Harper Perennial, ISBN978-0060555597
May 10, 2005, 320 pages
"Consider the humble lobster: an unsightly creature from the sea that tastes awfully good with melted butter. But it turns out that this aesthetically-challenged crustacean is so much more—a charming lover, a belligerent fighter, and a snoopy socializer with a nose that lets it track prey and paramour alike with the skill of a bloodhound. And, perhaps most important, these astonishing animals are a sustainable resource that has provided a livelihood for generations of Maine fisherman."
Lobsters are delicious, a choice item on many a restaurant menu, but they are also a big business, the topic of political wrangling and the subject of scientific investigation. They are also the creature that provides a livelihood for thousands and thousands of Maine families and have been for generations. And all of these subjects form a part of Mr. Corson's quite interesting book. Especially if you have a place in your heart..or tummy...for this rather prehistoric looking crustacean.
In many industries, the scientists and the 'farmers' often seem to be at odds. And for many years, this was no doubt the case in lobstering. But certainly in Maine, in more recent years, that has started to change. To learn more about the lobster, it's life cycle, it's reproduction, how to best manage the number caught to maintain the harvest, scientists needed the help of the lobstermen. For the lobstermen to have a future, they came to see that they could not let the lobster go the way of the cod, fished until it almost disappeared and the scientists could help with that. Over time, as Corson shows in this books, maybe they both came to have a grudging admiration for the knowledge of the other. Neither side is all good or all bad in their motives or actions, but hopefully, they are both learning some useful things for the future of this industry.
Corson does not just come by this knowledge academically. He actually worked two years on a lobster boat out of Little Cranberry Island, off the coast of Maine near Acadia National Park and the summer resort of Bar Harbor. Having driven through countless little towns along that area in the last few days, let me assure you that lobstering in an integral part of these communities. I was simply amazed at the number of lobster buoys in Frenchman's Bay off Mt. Desert Island and rarely do you pass a town harbor that is not full of lobster boats. And it is Corson's personal look into the lives of these fisherman and their families, as well as the rather quirky group of scientist involved in this work, that was the most fun part of this book.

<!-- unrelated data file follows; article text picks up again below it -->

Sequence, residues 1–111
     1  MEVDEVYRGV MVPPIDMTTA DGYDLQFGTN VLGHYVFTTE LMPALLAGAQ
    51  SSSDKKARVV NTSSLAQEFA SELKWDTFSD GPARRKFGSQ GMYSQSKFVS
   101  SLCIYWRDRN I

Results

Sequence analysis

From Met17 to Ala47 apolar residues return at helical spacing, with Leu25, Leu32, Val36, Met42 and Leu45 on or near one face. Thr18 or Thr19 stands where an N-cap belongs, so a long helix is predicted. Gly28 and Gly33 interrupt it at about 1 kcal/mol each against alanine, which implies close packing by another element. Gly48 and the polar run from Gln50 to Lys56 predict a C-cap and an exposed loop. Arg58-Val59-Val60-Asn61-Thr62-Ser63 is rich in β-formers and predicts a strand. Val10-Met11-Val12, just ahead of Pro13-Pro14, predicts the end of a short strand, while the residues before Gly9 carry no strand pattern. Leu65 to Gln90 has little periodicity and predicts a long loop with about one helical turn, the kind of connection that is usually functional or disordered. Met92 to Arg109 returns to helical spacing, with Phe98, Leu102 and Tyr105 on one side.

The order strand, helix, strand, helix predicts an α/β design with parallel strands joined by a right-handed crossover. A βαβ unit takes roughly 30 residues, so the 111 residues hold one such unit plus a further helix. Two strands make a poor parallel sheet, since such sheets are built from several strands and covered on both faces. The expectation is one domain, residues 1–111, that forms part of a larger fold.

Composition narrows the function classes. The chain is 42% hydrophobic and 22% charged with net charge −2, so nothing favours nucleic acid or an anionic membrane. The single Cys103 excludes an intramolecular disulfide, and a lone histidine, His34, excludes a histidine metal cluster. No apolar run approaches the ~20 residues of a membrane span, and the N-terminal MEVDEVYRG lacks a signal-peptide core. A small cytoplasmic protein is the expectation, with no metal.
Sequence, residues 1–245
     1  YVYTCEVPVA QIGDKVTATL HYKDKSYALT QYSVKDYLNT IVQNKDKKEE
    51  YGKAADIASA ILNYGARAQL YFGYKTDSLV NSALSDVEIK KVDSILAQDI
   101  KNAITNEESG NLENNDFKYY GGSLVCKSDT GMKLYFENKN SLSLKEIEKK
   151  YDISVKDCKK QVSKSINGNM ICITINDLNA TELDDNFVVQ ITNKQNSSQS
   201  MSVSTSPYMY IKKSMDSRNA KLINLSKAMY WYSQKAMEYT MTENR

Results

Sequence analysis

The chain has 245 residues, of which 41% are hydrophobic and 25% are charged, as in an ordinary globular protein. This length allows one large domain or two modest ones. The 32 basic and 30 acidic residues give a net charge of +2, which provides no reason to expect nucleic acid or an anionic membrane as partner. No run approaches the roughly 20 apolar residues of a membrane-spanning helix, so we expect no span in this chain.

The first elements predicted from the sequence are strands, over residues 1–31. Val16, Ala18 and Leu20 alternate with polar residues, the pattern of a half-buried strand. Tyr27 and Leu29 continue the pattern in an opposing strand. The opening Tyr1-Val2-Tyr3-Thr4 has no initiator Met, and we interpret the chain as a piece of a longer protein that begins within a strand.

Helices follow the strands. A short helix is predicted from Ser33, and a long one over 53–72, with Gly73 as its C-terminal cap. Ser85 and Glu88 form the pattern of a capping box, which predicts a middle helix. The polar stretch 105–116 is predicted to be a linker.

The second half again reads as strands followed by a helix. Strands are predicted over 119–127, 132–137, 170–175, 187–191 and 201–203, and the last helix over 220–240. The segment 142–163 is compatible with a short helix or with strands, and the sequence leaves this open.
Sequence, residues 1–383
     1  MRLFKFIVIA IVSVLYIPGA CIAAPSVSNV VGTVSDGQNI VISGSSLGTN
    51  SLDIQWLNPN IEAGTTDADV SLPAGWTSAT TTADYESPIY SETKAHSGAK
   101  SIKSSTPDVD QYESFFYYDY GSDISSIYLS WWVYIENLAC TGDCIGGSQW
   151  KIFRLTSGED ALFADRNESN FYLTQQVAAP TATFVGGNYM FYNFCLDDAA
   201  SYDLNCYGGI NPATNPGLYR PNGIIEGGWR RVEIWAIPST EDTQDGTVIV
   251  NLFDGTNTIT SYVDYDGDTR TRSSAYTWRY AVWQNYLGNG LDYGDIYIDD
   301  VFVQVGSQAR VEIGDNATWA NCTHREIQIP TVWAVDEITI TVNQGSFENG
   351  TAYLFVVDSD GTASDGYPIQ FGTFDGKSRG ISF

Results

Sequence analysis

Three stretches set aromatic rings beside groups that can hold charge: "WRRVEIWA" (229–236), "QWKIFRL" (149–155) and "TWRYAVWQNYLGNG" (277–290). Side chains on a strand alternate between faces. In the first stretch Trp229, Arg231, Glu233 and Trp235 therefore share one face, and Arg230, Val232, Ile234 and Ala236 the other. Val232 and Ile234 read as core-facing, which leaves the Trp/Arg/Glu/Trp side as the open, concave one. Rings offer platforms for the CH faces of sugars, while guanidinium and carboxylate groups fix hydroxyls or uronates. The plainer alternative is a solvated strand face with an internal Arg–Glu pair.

Not to say the the star of the show, the lobster itself, is not quite the character. I now know perhaps just a bit more about the sex life of a lobster than I have ever wanted too. Happily, you will get your science, but mixed in with enough human drama to keep it interesting.
I can not say that I will ever look at the lobster on my plate in quite the same way in the future. But I will still be happy to see him there, a fine example of an industry that is trying, with all the ups and downs, to provide a sustainable food product for the future..and maintain a heritage that goes back for centuries in places like Maine.
If you are interested in Maine and in getting a glimpse of life on a small coastal island, in sustainable food production, in the science of the creatures that inhabit our coastlines...or you just love a nice steamed lobster with a side of butter, I think you will enjoy this book.
P.S. To celebrate the posting of this review..yes, I know it is a feeble excuse...I went out and had lobster for dinner last night.
Thank you, lobster fisher people of Maine and, most of all, thank you Lobster!!